Middle East

France announces withdrawal of Mali

Paris: France yesterday announced that it would withdraw its troops from Mali due to the collapse of relations with the country’s ruling government, almost ten years after the fight against the jihadist rebellion. Mali’s deployment is problematic for France-48 of the 53 French soldiers killed to serve in the Sahel region of West Africa died in Mali.

According to a statement signed by France and its African and European allies, the “multiple obstructions” by the military junta that came into power in August 2020 meant that the conditions for operating in Mali were no longer in place. .. The decision was made by France’s first deployment of 2,400 French troops in Mali in 2013 and a small European army of hundreds of soldiers created in 2020 with the aim of reducing the burden on the French troops. Applies to Takuba.

President Emmanuel Macron said in a press conference that “we cannot continue to be militarily involved with de facto authorities who do not share strategy and hidden objectives,” saying that France had failed in the country. He said he refused “completely”. Macron said the French bases in Gossi, Menaka and Gao in Mali will be closed within the next four to six months. But he vowed that the withdrawal would be done in an “orderly” way. The announcement comes at a critical time for Macron a few days before the president is expected to make the long-awaited declaration of his second term in the April elections.

Macron’s priority is to ensure that the withdrawal does not lead to a comparison with last year’s chaotic US withdrawal from Afghanistan. France initially deployed an army against jihadists at the request of Mali in 2013. However, the rebellion was not completely subdued. The jihadists scattered by French firepower were reorganized and moved two years later to the center of Mali, an ethnic powder barrel, before launching attacks on neighboring Burkina Faso and Niger. Now, new fears are emerging about the push of jihadists to the Gulf of Guinea.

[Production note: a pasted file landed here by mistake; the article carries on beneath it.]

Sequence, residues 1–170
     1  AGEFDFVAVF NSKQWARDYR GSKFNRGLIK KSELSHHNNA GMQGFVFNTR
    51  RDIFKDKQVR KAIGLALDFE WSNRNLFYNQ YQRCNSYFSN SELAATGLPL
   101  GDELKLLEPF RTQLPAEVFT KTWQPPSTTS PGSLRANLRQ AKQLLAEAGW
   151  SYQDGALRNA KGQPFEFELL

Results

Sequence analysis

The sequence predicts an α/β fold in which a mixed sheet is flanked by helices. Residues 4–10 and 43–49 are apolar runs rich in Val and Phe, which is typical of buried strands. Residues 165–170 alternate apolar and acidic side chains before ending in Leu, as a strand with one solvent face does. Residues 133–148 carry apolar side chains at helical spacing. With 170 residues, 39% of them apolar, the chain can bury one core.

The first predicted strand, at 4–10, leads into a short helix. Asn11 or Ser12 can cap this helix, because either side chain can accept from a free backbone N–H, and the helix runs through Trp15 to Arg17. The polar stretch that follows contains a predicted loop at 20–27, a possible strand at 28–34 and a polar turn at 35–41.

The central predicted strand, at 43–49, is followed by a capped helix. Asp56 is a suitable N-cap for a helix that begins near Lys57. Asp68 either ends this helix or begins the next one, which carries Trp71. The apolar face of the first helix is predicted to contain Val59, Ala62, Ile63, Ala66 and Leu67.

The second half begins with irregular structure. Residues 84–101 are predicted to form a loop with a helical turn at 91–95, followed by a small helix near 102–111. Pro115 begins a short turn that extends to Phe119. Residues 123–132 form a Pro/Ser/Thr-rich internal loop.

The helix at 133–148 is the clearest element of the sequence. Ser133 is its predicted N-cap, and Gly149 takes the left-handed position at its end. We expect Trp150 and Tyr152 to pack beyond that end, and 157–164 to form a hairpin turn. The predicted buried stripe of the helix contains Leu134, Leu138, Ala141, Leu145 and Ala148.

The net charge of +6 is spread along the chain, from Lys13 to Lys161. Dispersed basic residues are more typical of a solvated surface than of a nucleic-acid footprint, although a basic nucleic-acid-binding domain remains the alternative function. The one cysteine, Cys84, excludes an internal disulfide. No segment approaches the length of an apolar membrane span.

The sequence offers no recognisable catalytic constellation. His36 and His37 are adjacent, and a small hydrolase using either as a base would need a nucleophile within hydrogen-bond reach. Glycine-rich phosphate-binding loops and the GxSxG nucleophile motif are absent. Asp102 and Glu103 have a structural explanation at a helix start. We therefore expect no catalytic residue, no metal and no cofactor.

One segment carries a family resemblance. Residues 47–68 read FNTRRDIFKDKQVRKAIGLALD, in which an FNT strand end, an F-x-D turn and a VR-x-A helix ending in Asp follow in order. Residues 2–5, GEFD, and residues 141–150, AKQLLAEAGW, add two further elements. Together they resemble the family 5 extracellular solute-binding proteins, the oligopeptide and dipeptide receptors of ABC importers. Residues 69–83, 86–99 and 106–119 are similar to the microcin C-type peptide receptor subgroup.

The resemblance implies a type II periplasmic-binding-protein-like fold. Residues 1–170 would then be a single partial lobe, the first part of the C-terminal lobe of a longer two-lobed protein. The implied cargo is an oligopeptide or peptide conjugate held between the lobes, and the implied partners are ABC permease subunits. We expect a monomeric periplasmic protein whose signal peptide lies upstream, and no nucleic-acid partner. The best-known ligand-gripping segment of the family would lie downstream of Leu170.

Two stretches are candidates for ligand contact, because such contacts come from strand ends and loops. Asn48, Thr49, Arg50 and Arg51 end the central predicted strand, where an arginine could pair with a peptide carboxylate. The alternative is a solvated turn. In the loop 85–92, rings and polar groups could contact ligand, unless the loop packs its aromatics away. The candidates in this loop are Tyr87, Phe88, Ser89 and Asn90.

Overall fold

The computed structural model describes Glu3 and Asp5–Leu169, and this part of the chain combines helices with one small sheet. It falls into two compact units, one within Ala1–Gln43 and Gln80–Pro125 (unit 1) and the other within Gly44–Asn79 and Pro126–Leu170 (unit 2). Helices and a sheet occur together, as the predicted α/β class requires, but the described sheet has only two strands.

“It’s a disgraceful end to the armed intervention that begins nine years later, against the backdrop of the crisis between Mali and France,” writes the French daily Le Monde. Macron denied that the intervention was in vain. “What would have happened in 2013 if France had not chosen to intervene? There is no doubt that the National Order of Mali had collapsed,” said his predecessor Francois Hollande in the army. Welcomed the decision to deploy.

However, even after the withdrawal from Mali, France and its allies have vowed to continue fighting the war on terror in the region, including Niger and the Gulf of Guinea, and an overview of this action will be revealed in June. Added. Senegalese President Macky Sall spoke with Macron, saying, “The war on terror in the Sahel cannot be a business solely for African countries.” Macron warned that al-Qaeda and Islamic State groups have made Sahel and the Gulf of Guinea “priorities for expansion strategies.” Macron has announced that Mali’s Takuba army will be relocated with the Niger army near the Mali border.

Wider impact

Currently, about 25,000 foreign troops are deployed in the Sahel. France had already announced the start of drawdowns last year, but they include about 4,600 French soldiers. Colonel Pascal Ianni, Chief of Staff of the Army, said the withdrawal of Mali meant that 2,500 to 3,000 French troops would be deployed throughout the region within six months.

At its peak, an army of 5,400 men, known as Barhane, was on duty. Especially in Mali, there are also the United Nations Peacekeeping Mission MINUSMA, established in 2013, and the EUTM Mali, an EU military training mission for the Malian Armed Forces. Macron said it would provide MINUSMA with aviation and medical assistance in the coming months before France shifts these responsibilities. — AFP

https://www.kuwaittimes.com/france-allies-announce-mali-withdrawal/ France announces withdrawal of Mali

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